I believe anyone with Candida overgrowth should avoid fermented foods, including kombucha, until their yeast population is under control. The traditional Candida diet does allow for fermented foods. However, as I pointed out earlier, the prebiotics produced during the fermentation process also feed harmful bacteria and yeast. 

Fermented foods may be high in harmful bacteria and yeast, so I recommend removing these foods as part of the anti-Candida diet and killing Candida first before using fermented foods to help restore the good bacteria.

How to Feed Good Gut Bacteria Without Kombucha

Kombucha’s benefits are widely known, yet the sugar and alcohol can cause more problems if you have a gut infection, such as Candida overgrowth or histamine intolerance. If you don’t have a gut infection, kombucha is fine in moderation. However, a more natural probiotic is a better route. 

While fermented, probiotic, and prebiotic foods are good choices depending on your specific dietary needs, unfortunately, it can be nearly impossible to get all the probiotics you need just from your food for three reasons: 

  1. There’s no way to tell which bacteria strains are in your foods.
  2. There’s no way to know whether they are strains that work well together. 
  3. It’s hard to eat enough volume of the right foods. For example, you’d have to eat A LOT of yogurt to ensure you get enough colony-forming units to be truly beneficial, especially if you can’t eat some of the foods on the list because of the dietary restrictions I mentioned! 

This is why probiotic supplements are so important. Taking a probiotic can keep your gut functioning properly. Knowing which probiotic supplement to take is just as important. There are a lot of probiotics on the market today, so it can be overwhelming to know which one is right for you. There are two p types of probiotics – regular probiotics and SBO probiotics.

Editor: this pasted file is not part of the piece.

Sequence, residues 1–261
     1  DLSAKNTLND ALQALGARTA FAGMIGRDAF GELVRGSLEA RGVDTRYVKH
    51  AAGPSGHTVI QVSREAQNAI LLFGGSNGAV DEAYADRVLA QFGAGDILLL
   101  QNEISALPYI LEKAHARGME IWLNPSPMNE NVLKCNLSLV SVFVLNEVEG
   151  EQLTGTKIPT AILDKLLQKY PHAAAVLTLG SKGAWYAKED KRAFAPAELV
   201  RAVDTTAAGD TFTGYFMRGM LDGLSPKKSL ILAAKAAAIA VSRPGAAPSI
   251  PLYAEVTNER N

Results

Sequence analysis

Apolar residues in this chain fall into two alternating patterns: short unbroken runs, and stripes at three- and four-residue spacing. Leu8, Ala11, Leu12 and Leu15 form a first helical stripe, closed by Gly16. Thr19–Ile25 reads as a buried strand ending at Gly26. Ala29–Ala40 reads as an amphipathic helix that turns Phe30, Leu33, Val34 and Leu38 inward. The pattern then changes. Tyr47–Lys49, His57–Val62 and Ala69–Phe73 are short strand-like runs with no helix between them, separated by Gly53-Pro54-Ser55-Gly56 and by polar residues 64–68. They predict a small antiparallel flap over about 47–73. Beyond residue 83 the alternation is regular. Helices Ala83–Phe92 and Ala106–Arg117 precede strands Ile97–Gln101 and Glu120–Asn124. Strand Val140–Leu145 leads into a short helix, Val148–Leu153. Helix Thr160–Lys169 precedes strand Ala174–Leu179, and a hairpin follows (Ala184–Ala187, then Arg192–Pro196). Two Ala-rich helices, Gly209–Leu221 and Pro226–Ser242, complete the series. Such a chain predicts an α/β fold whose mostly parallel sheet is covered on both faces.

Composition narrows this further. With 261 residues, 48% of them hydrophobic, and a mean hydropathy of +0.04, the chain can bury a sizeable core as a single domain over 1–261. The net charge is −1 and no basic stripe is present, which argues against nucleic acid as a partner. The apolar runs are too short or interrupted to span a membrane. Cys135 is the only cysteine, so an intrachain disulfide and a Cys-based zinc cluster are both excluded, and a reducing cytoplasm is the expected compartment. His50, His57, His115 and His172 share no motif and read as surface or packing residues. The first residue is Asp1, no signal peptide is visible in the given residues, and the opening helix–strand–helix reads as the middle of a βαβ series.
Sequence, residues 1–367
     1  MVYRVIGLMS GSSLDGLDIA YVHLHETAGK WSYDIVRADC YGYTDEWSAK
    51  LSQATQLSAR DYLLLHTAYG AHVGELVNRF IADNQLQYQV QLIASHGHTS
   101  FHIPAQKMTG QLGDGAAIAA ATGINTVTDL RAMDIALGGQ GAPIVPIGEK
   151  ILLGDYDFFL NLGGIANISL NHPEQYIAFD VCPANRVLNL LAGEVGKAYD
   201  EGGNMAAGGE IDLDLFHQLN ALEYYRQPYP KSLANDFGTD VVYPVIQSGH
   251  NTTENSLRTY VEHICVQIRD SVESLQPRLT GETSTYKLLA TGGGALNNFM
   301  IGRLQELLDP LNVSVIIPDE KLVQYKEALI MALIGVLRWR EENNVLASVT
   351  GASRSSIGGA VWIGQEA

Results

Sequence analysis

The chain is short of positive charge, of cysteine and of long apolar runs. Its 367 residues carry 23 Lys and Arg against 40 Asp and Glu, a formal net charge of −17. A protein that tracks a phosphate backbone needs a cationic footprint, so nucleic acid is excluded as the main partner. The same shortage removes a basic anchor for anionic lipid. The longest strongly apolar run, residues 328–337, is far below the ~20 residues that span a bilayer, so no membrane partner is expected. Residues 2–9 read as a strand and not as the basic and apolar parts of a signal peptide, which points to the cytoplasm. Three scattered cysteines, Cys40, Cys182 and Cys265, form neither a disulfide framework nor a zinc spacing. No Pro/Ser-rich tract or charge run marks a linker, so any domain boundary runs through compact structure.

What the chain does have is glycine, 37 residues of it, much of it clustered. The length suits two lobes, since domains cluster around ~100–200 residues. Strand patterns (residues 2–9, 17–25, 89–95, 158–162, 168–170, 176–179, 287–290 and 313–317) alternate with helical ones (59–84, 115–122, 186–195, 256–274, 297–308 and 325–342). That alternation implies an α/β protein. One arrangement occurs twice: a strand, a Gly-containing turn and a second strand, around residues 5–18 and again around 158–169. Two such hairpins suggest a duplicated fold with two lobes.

Regular Probiotics

Probiotic supplements have different strengths called CFUs (colony-forming units). The CFU tells you how many bacteria are within that particular probiotic. When searching for the best probiotic, consider the number of CFUs. 

Probiotic Capsules 100 Billion is designed for maximum support. You won’t see very many products on your local store shelves that have this potency level AND don’t need to be refrigerated. These products are perfect if you have Candida, are repairing a leaky gut, or need extra support for your gut health.

Probiotic Capsules 30 Billion is available for those who can not tolerate a high level of probiotics and provides an excellent maintenance dose. These probiotics are perfect for those who just need daily maintenance. 

The bacterial strains found in common probiotics are Lactobacillus and Bifidobacterium. A quality probiotic will also contain the yeast Saccharomyces boulardii, which helps fight off disease-causing gut organisms and supports a healthy bowel pattern. 

SBO Probiotics

If you can believe it, there are certain situations where standard lactic acid-based probiotics can cause more complications than they solve. SIBO is one of those situations. Because SIBO is an overgrowth of bacteria in the small bowel often caused by chronic constipation or challenges with the nervous system, adding more lactic acid-based bacteria into the small intestine can often add more fuel to the fire.

This is why I recommend Primal Earth Probiotic to anyone with SIBO, who suspects SIBO may be at the root cause of their issues or simply doesn’t tolerate most probiotics.

SBO probiotics do not contain lactobacillus or bifidobacterium strains, yet they still provide all the benefits of a probiotic. SBO probiotics have a natural, seed-like structure that makes them stronger than lacto-based probiotics. Therefore, soil-based probiotics survive the journey through the stomach with the help of far fewer CFUs than lactobacillus-based supplements. This is due to the formation of endospores, which can withstand stomach acid, bile salts, and pancreatic enzymes that would typically destroy the bacteria.

The Final Word

Kombucha is a trendy drink that does have its benefits. However, kombucha can make you sick if you have Candida overgrowth, histamine intolerance, SIBO, or leaky gut. I recommend skipping the kombucha and using a probiotic supplement. I take Probiotic Capsules 30 Billion every day for gut maintenance.

Article Sources

  1. Is Kombucha Alcoholic?. No. 1 Living. 2022.
  2. 5 Side Effects of Too Much Kombucha. Jillian Kubala. Healthline. 2018.
  3. How much sugar is too much?. American Heart Association. 2020.
  4. The Link Between Sugar and Rheumatoid Arthritis. Hallie Levine. WedMD. 2020.
  5. What to Know About Insulin Resistance. Sari Harrar. Endocrine Web. 2022.
  6. What Is Lacto-Fermentation, and Does It Have Health Benefits?. Elise Mandl. Healthline. 2019.